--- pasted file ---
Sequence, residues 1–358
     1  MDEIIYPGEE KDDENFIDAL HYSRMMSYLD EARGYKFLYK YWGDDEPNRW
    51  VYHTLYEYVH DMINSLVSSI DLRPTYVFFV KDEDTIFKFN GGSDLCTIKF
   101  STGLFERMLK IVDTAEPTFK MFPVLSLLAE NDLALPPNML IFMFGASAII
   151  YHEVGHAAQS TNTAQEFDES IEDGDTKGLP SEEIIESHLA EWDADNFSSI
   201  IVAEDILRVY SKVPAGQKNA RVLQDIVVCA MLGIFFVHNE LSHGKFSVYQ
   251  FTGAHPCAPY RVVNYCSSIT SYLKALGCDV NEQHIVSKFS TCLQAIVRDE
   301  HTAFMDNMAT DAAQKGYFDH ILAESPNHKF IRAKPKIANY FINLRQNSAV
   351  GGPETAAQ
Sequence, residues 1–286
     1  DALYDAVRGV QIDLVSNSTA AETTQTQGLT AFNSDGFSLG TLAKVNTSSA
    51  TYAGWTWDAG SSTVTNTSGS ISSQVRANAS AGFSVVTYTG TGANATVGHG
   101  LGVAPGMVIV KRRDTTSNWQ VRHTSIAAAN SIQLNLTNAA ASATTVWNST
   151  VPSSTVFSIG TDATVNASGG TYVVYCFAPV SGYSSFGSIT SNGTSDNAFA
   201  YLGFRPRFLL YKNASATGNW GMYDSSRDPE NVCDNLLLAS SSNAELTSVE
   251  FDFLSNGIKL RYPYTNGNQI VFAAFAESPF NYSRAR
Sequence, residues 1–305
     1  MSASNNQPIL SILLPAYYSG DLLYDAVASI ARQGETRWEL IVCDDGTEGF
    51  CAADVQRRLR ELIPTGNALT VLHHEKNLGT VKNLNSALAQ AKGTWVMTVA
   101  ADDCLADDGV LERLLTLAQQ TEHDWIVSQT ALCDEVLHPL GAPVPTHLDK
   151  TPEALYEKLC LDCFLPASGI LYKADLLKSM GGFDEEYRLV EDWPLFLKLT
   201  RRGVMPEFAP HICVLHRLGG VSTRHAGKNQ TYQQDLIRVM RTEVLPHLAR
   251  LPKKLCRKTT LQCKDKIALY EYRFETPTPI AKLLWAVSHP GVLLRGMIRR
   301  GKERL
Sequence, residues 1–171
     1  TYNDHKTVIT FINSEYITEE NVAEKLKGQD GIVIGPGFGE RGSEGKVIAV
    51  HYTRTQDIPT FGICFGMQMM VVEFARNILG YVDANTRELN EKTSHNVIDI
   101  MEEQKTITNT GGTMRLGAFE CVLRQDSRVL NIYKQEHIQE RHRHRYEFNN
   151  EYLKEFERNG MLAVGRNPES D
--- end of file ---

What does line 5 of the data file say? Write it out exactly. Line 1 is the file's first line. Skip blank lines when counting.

   151  YHEVGHAAQS TNTAQEFDES IEDGDTKGLP SEEIIESHLA EWDADNFSSI